Well – you'd do better pointing out that she is just wrong and has really hurt the feminist skeptical movement with this spectacularly badly researched and articulated article.

      Editors: I'd think twice about any further commissions there…

      • LOL. Same old talking down to the uppity chicks who dare express a different opinion from yours. But the article is TOTALLY wrong. Uhhuh.

        • “Uppity chicks”? JemimahS is a woman.

          And, yes, the article had some glaring flaws. Would you like to actually defend it, or do you just want to snark without offering content?

  2. Anne, California says:

    well, gee, regardless if the public face of atheism is white/male or multi-cultural, multi-gendered… I’m still going to be an atheist. But the media is dominated by white males in many categories, I suppose this just falls in the same lines.

  3. I hope the movement makes room for women…cause we’re already here! http://www.skepchick.org gives me hope.

  4. Howard Covitz says:

    Barbara Ehrenreich should be recognized as a thought leader here.

  5. Gregory P says:

    Don’t forget Julia Sweeney who has been a brilliant advocate of atheism.

  6. I am a female atheist from a muslim country in which majority of population zant even contemplate the idea of atheism or even heard the term sexism, people of my country dont even contemplate if they are sexist or not, making a joke like, "well my wife doesnt let me into the kitchen she s such a nazi lol" is their way of trying to show they are not sexist.

    that said, i believe the problem here is sexism and its not related to atheism. It is known that if you want to be listened to you better be a man. There is a saying in my language "My word wont be listened to, because i dont have a beard". Understanding that there is no god doesnt automatically break all the other prejudices. I m not sure about Hitchens but I know that Dawkins is aware of the problem even if he s not actively fighting it.

    If they need to be heard by sexist, religious people they tend to decide men would be taken more seriously. Which is unfortunately not wrong. But sexism is another issue that needs to be fought against. I know some sexist atheists, racist atheists and homophobic atheists. I think its better to take it one step at a time.

    Another thing about being more violent, i really dont like the way Bill Maher mocking religious people on Religilous, or the way Pat Condell insults believers in a very harsh way. Does that make me more passive? I dont think so. I do agree that to my eyes, its a ridiculous story to believe in but there is a line, that when you keep interfering beyond that line, you re no better than jahovas witnesses. I dont believe that means i m taking a passive stand because i m female.

    • Very nice response. An astute point. Let's look at the percentage of women theist leaders? Does that man women will avoid believing in a god or gods because there are not enough women in leadership? I think you hit the nail on the head that the sexism runs throughout all groups of people. Hopefully, discussion in this area will make us more aware of the need for improvement.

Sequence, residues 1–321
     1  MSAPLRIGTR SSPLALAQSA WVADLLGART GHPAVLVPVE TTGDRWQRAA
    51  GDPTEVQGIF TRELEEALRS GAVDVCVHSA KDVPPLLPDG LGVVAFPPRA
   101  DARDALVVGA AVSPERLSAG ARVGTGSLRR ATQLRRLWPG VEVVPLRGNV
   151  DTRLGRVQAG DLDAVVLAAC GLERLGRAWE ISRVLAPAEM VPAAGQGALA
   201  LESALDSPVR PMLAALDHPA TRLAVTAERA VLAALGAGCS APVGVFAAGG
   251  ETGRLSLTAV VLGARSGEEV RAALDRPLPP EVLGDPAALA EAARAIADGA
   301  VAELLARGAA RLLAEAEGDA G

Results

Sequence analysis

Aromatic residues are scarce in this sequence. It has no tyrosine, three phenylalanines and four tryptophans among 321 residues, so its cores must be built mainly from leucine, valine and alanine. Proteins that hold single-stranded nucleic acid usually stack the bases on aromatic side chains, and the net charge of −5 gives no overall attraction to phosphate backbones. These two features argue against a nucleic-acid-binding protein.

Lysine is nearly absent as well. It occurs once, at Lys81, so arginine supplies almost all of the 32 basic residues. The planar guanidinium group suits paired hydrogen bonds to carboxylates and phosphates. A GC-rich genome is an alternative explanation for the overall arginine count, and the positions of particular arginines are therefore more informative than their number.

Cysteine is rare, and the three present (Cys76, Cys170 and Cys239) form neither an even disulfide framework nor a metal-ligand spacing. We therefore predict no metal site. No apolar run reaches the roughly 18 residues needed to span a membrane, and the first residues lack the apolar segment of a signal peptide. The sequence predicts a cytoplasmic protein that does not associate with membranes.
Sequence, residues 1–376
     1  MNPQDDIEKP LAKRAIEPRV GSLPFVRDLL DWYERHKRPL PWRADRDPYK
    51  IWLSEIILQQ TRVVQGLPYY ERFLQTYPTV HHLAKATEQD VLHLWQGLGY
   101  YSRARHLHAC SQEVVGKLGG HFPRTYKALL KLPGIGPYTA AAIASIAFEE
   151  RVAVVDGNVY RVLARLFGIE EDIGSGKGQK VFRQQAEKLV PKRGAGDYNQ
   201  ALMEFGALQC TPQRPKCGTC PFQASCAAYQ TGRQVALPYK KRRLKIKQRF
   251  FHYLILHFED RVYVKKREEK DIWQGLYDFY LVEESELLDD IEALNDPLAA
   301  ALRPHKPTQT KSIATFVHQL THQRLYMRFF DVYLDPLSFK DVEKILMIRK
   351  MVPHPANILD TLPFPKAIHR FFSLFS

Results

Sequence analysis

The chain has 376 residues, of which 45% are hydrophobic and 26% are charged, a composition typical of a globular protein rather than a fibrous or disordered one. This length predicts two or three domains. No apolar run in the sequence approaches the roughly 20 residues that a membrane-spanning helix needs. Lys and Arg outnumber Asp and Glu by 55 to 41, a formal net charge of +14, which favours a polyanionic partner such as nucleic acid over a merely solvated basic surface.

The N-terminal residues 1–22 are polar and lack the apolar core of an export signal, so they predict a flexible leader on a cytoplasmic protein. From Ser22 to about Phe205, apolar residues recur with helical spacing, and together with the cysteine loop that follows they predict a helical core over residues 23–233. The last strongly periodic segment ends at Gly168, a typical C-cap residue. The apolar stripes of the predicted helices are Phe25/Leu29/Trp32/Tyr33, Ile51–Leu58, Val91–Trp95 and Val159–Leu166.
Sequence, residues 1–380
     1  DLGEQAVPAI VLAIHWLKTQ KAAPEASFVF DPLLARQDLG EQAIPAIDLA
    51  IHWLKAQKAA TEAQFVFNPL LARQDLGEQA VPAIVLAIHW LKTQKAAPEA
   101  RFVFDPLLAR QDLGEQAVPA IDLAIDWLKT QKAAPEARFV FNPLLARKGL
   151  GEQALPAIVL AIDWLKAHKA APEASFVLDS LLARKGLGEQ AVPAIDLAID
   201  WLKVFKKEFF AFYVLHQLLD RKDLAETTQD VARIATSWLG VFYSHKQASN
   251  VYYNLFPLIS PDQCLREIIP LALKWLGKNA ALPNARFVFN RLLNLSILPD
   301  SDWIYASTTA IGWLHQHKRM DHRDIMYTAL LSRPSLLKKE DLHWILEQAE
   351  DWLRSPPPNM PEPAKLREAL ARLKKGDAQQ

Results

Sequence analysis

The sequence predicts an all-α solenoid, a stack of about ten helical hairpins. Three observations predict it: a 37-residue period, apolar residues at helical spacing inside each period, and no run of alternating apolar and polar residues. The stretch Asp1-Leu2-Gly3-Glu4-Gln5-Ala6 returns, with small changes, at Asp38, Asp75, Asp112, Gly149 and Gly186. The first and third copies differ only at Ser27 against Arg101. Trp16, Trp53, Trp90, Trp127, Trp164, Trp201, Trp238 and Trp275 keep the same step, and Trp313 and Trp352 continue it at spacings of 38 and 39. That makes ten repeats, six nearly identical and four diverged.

7. This article is disgustingly misleading and poorly researched. Monica Shores should be ashamed by it. Blag Hag has ripped this article to shreds:

  8. Meg Gatza says:

    I like to think that it's because the women atheists out there are much smarter than the male atheists and just aren't going for the "new atheism." I disagreed with Prothero's piece when he wrote it, too, but he does have a point. (Prothero and i have never seen eye to eye on gender descriptions or issues, even though i wrote my ma thesis for him on gender in Hinduism.) I myself know a fair number of women atheists, though none who would identify with "new atheism" i don't think. i'm really not sure why guys find it difficult to get atheist girlfriends. Maybe because i live in the the northeast, there are just more of them (/us).

    • Lots of women go for the gnu atheism. Not going for it is not a sign of greater intelligence.

    • You like to think what? Women atheists are much smarter than the male atheists?

      And this is not old fashioned sexism? Replacing the patriarchy with stupidity is unlikely to help many women.

      So how about some evidence based comment? There are zillions of women who very pointedly and deliberately associate with 'Gnu Atheism' (stupid concept created by the right wing to divide and villify – interesting to see you assisting).

      How can you not know aboout the massive movement of vocal and eloquent 'Gnu Ahteists'? Well – you do now: hopefully (though – I suspect you'll ignore the lesson) the responses here, if not comment elsewhere, will show you how totally and utterly wrong you are.

  9. Hi, Monica. I found your article via PZ Myers at Pharyngula (an old white guy) and he links to Blag Hag, who really takes your assertions apart. I'm afraid you didn't do your homework very well. 'New atheism' is nothing like this.

    Pz's Post: http://scienceblogs.com/pharyngula/2010/11/where_

    Jen's post: http://www.blaghag.com/2010/11/does-media-really-

    • Unfortunately, you didn't read the article through. If you had, you'd realize that they actually do link to PZ's blog as an example of people who are trying to create gender equality.

      • No, the article claims that gender diversity is a problem that the atheist community doesn't care about, even as Shores links to PZ's post.

  10. Awful post. You've cherry-picked sources and ignored many legitimate leaders within the movement. The atheist bus campaign is well-known world-wide, and was started by Ariane Sherine. The often-cited Freedom from Religion Foundation was co-founded and is co-led by a woman.